The coronavirus pandemic has a lot of us scrambling to disinfect, clean, and stay home. However, the easiest way to halt the spread of the coronavirus is to properly wash your hands. We’ve all seen the charts, and there’s plenty more memes going around about it. Still, charts can be hard to understand, and you may be missing vital information. We’ll give you everything you need to know about proper handwashing techniques to help minimize the spread of cold, flu, and other viruses!
Soap is Key (But not a dealbreaker!)
When handwashing, it’s important to use soap. Soap doesn’t necessarily kill germs, but rather, soap breaks water tension. Typically, germs lodge in dirt, oil, grease, and other fine molecules on our bodies and hands. Soap breaks down these oils and helps to generate friction through rubbing that will help to remove germs when you rinse your hands. If you do not have soap, washing with water works well, but not as well as when you have an agent like soap.
Now that you have soap armed at your defense, let’s talk about handwashing strategies.
You should be performing hand washing routines for at least 20 seconds. There are a few ways you can time yourself without counting one Mississippi, two Mississippi. Here are a few fun ways you can use to time yourself!
- Sing happy birthday to yourself twice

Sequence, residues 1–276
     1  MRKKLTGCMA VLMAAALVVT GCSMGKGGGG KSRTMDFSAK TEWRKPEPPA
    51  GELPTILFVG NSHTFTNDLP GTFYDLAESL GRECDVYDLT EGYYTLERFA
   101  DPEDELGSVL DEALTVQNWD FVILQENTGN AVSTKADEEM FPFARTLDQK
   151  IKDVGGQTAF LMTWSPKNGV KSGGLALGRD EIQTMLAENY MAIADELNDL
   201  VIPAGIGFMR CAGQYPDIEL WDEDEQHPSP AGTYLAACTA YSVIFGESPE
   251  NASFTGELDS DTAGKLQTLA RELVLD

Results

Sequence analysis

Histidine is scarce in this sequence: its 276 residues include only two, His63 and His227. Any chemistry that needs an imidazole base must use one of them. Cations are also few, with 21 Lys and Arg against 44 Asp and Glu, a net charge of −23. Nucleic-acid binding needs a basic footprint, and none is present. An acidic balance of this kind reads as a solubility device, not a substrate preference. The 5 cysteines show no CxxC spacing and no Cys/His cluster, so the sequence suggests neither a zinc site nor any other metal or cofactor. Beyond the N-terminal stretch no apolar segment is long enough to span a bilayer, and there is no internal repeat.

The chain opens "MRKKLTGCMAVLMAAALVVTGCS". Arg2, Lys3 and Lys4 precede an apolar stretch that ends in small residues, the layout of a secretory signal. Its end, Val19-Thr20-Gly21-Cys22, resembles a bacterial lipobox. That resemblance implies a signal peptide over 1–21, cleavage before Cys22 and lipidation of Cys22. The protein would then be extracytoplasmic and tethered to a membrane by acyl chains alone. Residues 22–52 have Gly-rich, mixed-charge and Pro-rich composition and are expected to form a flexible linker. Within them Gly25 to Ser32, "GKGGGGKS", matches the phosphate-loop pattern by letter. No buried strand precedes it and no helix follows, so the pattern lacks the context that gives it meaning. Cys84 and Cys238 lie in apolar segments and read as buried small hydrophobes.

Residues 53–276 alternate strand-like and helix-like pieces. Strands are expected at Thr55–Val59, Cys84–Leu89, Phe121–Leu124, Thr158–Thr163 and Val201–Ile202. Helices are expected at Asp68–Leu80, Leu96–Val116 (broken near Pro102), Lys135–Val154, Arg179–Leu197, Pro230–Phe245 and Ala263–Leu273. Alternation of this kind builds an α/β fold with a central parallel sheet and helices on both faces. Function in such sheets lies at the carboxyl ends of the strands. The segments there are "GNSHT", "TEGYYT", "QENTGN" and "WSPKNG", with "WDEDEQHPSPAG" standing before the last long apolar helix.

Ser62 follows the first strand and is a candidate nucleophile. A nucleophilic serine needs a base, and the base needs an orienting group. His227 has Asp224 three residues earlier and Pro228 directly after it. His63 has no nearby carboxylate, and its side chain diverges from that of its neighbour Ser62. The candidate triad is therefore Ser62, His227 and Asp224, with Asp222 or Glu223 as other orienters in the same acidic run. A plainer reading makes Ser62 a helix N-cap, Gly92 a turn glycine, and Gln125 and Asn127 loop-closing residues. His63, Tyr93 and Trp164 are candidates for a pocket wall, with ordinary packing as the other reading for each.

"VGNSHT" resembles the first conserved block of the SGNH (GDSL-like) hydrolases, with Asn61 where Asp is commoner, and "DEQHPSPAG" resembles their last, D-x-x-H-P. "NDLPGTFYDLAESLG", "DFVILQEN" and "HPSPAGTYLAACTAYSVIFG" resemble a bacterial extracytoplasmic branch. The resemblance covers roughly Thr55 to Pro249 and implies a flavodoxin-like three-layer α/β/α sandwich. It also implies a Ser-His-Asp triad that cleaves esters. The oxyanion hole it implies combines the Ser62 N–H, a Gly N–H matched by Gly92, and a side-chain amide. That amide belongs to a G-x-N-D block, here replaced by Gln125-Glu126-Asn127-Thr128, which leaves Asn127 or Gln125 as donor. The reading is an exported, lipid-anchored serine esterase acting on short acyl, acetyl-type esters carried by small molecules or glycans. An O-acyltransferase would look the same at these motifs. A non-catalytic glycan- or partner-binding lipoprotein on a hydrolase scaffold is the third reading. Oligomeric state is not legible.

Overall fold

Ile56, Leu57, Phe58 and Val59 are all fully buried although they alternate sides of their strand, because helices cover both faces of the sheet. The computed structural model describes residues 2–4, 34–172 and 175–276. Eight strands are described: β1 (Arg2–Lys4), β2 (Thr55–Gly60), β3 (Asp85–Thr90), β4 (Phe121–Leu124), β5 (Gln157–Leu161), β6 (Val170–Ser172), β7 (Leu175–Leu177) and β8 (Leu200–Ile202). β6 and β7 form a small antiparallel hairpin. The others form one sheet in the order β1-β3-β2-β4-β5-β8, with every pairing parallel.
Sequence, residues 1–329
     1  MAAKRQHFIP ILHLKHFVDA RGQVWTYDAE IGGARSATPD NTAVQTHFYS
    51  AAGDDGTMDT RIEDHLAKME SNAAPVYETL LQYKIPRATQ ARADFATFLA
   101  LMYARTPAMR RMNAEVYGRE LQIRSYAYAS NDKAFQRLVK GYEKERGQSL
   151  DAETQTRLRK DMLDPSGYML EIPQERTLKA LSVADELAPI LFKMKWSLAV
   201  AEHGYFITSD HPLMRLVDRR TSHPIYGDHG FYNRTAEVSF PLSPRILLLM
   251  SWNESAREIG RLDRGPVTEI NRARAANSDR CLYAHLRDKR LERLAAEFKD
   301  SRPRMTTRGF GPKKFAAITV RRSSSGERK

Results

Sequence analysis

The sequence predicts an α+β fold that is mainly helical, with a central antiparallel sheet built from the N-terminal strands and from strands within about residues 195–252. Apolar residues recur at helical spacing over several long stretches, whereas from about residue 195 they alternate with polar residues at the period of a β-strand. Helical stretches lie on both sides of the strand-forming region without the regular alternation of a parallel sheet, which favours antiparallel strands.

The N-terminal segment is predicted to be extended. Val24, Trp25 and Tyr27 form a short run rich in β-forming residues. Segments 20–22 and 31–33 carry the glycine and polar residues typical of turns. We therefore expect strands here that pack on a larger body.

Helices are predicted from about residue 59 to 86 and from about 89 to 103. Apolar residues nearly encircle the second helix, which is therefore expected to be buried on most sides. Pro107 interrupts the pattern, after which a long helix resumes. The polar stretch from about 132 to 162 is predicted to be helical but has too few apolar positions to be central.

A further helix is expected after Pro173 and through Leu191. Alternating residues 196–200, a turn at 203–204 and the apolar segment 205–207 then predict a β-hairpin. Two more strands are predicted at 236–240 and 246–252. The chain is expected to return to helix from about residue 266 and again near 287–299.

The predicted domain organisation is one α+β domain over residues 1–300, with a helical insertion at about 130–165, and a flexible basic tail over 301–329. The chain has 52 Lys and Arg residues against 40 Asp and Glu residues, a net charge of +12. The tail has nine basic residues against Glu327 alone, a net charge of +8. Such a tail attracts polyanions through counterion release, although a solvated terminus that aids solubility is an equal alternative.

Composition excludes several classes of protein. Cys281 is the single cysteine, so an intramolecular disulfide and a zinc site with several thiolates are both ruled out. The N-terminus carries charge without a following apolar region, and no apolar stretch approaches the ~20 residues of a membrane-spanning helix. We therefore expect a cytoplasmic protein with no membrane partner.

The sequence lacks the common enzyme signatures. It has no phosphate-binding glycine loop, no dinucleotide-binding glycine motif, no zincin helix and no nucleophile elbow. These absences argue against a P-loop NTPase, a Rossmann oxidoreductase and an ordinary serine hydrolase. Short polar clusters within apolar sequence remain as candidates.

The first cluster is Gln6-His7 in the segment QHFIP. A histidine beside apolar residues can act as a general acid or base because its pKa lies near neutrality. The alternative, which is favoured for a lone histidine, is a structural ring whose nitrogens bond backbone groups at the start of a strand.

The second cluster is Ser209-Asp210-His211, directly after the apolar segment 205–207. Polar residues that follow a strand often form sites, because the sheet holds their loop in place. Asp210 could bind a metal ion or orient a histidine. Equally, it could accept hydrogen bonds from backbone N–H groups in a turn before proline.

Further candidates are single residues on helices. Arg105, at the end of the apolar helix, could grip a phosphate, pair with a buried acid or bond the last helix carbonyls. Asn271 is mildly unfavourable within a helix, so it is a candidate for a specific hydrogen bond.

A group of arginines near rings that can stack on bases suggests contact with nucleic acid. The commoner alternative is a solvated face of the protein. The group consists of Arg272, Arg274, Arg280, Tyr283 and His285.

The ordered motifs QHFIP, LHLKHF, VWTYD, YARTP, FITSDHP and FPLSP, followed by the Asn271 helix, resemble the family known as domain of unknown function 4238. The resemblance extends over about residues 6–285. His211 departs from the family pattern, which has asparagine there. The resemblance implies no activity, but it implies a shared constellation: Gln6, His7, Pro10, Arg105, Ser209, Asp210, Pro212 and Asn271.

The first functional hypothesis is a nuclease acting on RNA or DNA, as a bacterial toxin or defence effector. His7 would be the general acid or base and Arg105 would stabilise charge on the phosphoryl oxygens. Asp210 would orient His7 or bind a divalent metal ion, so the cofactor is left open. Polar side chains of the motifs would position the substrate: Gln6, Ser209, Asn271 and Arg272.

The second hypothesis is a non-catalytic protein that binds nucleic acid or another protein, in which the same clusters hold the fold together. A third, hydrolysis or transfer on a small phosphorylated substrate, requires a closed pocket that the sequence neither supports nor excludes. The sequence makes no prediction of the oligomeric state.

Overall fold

- Recite the opening monologue from Star Trek, i.e. “Space, the final frontier…”
- Have a home assistant? Ask Google Home or Alexa to time you!
- Check out more songs you can sing including a flow chart of “Hey Jude”
Now that we know we’re using soap to wash our hands, and how we’re counting to twenty seconds, let’s talk about how you should be washing your hands. We’ve all seen this chart:
But let’s talk about the key areas and how they work. Essentially, you’ll want to make sure you wash your palms, back of your hands, between your fingers, and under your fingernails. Take a look at this video to help you see it in action:
Basically, your steps are:
Wet your hands and wrists, lather the soap, scrub your palms, back of your hands, wrists, and each finger individually. Then, scrub under your fingernails. After that, you can rinse your hands, dry with a paper towel, and turn off the water with a paper towel.
Remember to always wash your hands before and after eating, after using the restroom, and after interacting with the public. We hope this helps you stay safe out there!